Perhaps, I posited, destructive riots no longer effect change as they once did, so much as they empower disenfranchised fringe populations with the opportunity to therapeutically retaliate for their impotence. Wasn’t one of these disenfranchised populations responsible for the results of the 2016 elections? Trump whipped the uneducated and (latent and overt) racist elements of our country up – enabling them by giving voice to their shamefully harbored secrets – to protest vote versus sitting the vote out in their collective powerlessness while progressives and liberals sat the vote out in protest because their candidate didn’t get the nomination.
So we protested.
Then, we rioted.
Maybe, my point is, if the most effective examples of riots leading to change are from a century or almost three ago, that should tell us something.
Maybe if the most current example you have of an effective riot is 50 years ago and still not 100% resolved, “effective” isn’t an accurate description.
Maybe if you have to disregard the most pertinent examples of recent riots because change has not been affected then you need to ask if riots are, indeed, actually effective.
Maybe, in a population as dense as ours – both definitions of the word being applicable – a vigil or peaceful protest is just a clarion call to those same disenfranchised folk Trump whipped up during his campaign to come out and play.
So my point to my friend was, maybe we need to find a way to change how our message is communicated. For the effort of asking a question, I was rewarded with this response from a stranger – no context, just this
Yes, thank you for posting the point I said I understood – in meme form. Fucking Android users.
My point had been whether these lather, rinse, repeat protests were actually meeting our demand to be recognized.
I think not so much anymore.
Well, because capitalism will just make more of whatever is destroyed. All rioting and looting seems to be doing any more is heightening demand to produce more.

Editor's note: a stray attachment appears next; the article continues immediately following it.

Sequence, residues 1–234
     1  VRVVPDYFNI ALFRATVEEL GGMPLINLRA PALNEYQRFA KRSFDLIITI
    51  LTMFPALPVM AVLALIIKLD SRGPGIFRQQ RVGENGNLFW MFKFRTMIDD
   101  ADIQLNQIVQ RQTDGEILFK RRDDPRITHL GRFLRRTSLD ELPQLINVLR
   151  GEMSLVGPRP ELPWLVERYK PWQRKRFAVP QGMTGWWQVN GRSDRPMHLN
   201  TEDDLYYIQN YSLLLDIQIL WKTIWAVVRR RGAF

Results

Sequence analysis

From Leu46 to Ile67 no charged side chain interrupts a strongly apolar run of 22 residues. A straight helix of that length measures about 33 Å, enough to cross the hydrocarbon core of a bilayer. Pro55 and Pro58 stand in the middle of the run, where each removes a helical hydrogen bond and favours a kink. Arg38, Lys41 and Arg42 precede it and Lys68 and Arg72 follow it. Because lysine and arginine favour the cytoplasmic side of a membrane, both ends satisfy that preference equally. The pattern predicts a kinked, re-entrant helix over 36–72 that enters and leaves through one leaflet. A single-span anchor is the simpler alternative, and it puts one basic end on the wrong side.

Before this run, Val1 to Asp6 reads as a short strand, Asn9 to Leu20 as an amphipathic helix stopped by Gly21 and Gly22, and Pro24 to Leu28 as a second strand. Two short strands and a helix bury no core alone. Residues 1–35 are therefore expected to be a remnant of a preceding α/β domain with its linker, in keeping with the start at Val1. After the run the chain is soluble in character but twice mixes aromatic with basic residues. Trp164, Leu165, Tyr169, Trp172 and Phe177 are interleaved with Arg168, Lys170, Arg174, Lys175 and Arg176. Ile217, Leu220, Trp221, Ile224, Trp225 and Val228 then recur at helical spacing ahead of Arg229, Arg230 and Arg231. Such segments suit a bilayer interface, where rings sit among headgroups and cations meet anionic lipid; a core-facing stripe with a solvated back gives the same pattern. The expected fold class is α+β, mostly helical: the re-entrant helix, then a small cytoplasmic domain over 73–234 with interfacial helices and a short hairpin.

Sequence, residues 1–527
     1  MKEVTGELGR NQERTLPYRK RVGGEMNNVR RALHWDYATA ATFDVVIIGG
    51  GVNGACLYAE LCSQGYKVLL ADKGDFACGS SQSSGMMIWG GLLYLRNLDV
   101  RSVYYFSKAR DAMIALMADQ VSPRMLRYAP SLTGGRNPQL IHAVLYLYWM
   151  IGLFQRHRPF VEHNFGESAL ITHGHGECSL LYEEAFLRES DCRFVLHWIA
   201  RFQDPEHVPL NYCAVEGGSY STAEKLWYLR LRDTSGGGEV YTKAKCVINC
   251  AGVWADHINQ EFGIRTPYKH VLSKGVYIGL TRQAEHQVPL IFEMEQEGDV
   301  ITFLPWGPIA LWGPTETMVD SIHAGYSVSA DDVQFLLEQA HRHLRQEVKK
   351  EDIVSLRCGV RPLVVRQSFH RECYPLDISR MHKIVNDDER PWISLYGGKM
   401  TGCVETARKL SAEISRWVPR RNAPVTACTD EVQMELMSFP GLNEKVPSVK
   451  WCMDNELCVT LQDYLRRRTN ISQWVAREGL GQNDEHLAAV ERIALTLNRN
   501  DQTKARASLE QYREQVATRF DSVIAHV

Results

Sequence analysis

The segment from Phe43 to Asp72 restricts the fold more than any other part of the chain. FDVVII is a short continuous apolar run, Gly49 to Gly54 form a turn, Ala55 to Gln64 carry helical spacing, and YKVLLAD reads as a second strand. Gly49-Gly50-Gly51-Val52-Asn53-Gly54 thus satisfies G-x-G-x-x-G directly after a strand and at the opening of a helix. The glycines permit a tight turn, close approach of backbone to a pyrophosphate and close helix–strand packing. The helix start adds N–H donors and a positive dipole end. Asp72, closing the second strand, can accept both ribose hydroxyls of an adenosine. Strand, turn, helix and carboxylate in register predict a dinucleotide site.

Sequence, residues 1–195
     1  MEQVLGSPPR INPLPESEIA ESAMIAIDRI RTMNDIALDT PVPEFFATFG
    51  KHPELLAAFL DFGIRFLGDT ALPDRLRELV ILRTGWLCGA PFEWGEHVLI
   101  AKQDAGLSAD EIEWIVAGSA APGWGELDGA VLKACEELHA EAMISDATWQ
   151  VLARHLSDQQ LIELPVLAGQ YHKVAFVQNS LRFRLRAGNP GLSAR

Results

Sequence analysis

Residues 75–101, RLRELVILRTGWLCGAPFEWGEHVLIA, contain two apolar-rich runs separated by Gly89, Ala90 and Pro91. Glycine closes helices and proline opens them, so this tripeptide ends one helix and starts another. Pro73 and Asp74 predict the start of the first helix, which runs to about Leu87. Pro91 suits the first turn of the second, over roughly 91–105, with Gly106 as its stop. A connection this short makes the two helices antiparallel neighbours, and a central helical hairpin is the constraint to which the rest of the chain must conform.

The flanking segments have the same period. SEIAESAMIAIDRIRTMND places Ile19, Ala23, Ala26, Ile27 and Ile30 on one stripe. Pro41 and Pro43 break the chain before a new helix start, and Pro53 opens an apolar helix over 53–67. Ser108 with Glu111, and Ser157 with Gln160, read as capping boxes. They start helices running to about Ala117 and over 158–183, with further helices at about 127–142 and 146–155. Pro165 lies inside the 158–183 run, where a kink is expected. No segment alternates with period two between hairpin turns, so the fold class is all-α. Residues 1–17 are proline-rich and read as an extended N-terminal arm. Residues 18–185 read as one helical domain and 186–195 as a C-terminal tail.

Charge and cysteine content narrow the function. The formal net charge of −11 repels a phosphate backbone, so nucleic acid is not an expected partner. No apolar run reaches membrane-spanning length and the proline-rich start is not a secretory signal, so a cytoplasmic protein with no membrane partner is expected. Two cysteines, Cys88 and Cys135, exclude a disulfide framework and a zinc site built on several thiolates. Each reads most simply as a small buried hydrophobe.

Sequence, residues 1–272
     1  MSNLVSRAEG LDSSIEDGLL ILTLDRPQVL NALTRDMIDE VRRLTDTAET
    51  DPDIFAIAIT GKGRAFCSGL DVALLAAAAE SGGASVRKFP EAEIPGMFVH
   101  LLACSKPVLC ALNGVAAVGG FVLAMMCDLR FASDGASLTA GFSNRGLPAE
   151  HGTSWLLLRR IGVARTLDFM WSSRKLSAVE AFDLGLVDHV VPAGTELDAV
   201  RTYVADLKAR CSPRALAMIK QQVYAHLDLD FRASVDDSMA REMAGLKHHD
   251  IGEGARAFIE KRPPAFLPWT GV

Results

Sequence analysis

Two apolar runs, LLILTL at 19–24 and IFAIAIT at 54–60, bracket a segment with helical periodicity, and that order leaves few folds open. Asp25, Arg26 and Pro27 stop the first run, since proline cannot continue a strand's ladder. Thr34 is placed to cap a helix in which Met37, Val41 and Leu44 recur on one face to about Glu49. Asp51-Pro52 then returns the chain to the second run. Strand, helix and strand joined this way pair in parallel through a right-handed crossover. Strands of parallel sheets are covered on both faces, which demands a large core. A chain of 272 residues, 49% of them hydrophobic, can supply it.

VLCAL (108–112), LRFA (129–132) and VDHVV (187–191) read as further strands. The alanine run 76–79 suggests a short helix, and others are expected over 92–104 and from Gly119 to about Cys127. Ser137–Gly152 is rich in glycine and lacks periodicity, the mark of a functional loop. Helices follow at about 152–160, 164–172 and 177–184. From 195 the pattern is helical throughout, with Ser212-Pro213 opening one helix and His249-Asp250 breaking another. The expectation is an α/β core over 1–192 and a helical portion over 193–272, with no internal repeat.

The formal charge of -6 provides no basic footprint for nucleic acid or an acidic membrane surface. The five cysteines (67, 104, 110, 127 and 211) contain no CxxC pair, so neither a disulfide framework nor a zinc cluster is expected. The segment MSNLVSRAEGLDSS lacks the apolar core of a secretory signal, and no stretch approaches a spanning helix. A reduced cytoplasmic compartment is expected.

How is that effective?
We can quote him, name streets after him all over the country and observe his birthday as a national holiday; but if we don’t understand the meaning behind his words have we actually heard Doctor King’s words? Let alone…learned from them.
I took a public speaking course a while back – sometime between present day and MLK’s assassination – and I learned something interesting.
It stuck with me.
Basically, the point of the lesson was that it’s a speaker’s responsibility to present their message in a manner in which it will be received. That served me well as a manager of people. Whether it was a group setting or one-on-one communication, if I wanted people to listen, I had to talk to them. If I only wanted them to hear me, then it didn’t matter what I said or how I said it, because hearing and listening are two different things.
I can hear the news and police helicopters buzzing around outside my home. They were there at 11 PM last night, they are there now.
I hear them.
But I’m not listening to them. I don’t like what they are telling me. As much a fact, I’m actively trying to tune them out.
That’s what I think protesters need to ask themselves.
Who is listening to your message? Right now, it seems the people in power are at worst actively trying to tune you out and at best, trying to undo the collateral damage you are doing from the rioters who heard and were enabled by your words.
This is not working.